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Code-Switching in Hong Kong English Classroom Term Paper

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Updated: Aug 18th, 2021

Introduction

Code-switching is a definition in linguistics denoting using more than one language or dialect in dialogue. Bilinguals, who can speak at least two languages as native, have the capability to use components of both languages when having a conversation with another bilingual. What is mentioned is syntactically and phonologically suitable; that denotes that even if utterances from another tongue are involved in the sentence, they will be acclimatized to the grammatical regulations of the primary language. Code-switching can take place between sentences (inter sentential) or inside the only sentence (intra sentential). Code-switching is now regarded to be a regular and normal product of contact between the bilingual (or multilingual) narrator’s languages.

Code-switching can be differentiated from other language contact paradoxes such as advance conversion (calques), borrowing, pidgins and creoles, and transport or meddling.

Key matters

There are various standpoints on code-switching. A key advance in sociolinguistics concentrates on the societal incentives for switching, a line of inquest focusing both on instantaneous conversation components such as lexical necessity and the theme and setting of the conversation, and on more remote components such as narrator or grouping individuality, and relations-grounding (commonality). Code-switching may also be thoughtful of the regularity with which a personality applies exacting appearances from any language in his everyday contacts; thus, an appearance from one language may more willingly approach to mind than the corresponding expression in the other one.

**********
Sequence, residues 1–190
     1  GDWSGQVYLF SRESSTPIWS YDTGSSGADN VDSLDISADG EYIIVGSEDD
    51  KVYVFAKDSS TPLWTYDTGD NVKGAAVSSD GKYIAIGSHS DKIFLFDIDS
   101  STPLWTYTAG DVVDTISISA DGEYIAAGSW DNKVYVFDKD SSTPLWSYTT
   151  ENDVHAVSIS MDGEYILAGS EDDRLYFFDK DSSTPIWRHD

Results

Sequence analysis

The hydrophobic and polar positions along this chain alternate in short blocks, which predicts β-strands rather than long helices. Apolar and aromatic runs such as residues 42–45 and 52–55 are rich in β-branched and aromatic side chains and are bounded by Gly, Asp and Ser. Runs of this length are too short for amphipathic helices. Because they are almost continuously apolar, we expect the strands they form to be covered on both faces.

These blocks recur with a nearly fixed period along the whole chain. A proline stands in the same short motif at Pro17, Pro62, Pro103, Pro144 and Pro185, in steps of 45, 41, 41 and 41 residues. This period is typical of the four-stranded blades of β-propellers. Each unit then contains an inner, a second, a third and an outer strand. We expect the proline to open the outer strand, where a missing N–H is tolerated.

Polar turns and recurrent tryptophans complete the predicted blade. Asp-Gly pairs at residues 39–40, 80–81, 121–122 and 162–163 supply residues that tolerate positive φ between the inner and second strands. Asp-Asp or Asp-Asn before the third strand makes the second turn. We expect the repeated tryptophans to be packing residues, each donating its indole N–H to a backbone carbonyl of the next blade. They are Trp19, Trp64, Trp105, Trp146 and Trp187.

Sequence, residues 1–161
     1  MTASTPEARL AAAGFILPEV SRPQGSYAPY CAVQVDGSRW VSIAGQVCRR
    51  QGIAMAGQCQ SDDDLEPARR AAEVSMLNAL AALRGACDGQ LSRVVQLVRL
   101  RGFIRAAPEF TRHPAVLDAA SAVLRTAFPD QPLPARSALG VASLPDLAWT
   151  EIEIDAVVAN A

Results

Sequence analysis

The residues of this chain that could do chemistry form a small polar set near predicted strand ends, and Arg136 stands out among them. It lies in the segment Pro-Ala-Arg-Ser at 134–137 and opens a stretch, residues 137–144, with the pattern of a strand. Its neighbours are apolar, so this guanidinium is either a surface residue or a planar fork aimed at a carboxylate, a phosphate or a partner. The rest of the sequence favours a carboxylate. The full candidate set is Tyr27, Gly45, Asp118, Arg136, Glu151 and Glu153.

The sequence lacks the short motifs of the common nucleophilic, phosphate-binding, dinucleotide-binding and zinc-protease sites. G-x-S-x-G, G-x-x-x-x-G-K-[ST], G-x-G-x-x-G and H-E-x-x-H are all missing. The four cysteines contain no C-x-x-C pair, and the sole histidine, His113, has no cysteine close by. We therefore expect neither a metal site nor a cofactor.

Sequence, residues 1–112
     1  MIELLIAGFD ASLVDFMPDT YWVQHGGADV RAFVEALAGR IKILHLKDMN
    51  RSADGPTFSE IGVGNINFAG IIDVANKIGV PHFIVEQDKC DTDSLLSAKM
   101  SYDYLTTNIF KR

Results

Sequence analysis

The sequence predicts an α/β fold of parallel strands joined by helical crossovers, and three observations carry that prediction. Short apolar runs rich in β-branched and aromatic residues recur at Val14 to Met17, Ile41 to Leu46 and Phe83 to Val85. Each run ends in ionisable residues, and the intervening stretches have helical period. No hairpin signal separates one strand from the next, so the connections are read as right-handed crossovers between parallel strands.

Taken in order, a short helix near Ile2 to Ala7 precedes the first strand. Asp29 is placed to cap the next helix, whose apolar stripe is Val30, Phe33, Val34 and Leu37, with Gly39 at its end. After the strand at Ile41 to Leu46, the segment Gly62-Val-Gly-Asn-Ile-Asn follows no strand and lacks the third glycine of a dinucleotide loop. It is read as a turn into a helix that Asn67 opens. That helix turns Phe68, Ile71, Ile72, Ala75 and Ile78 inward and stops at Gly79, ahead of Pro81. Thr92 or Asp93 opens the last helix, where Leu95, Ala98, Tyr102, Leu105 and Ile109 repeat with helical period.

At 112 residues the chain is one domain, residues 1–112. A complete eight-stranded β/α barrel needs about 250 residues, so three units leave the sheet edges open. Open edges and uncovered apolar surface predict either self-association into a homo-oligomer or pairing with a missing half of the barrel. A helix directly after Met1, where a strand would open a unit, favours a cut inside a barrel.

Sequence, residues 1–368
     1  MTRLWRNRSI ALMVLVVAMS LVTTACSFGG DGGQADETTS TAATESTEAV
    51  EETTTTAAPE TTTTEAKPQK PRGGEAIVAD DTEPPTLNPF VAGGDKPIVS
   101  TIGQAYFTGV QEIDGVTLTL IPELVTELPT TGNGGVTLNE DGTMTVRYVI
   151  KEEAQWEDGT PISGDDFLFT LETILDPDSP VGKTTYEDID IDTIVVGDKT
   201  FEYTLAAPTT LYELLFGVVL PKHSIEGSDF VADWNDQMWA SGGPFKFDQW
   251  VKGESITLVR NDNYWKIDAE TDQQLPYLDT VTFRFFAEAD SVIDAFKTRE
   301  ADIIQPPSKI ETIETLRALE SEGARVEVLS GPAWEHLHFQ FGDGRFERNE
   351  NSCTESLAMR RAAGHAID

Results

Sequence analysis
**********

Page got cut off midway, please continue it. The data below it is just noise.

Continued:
Another viewpoint principally relates to syntactic restraints on switching. This is a line of examination that has states grammatical regulations and precise syntactic frames within which a switch may take place.

While code-switching had beforehand been studied as a substance of unimportant significance within the narrower institution of investigation on bilingualism, it has now shifted into a more universal concentration of awareness for sociolinguists, psycholinguists and usual linguists.

Code-switching can be connected with and analytic of group association in scrupulous categories of bilingual language societies, such that the timekeeping of the irregular application of two or more languages within one dialogue may diverge to a substantial amount between language societies and that intra-sentential code-switching, wherever it takes place, maybe limited by syntactic and morph syntactic components which may or may not be widespread in character.

Hong Kong English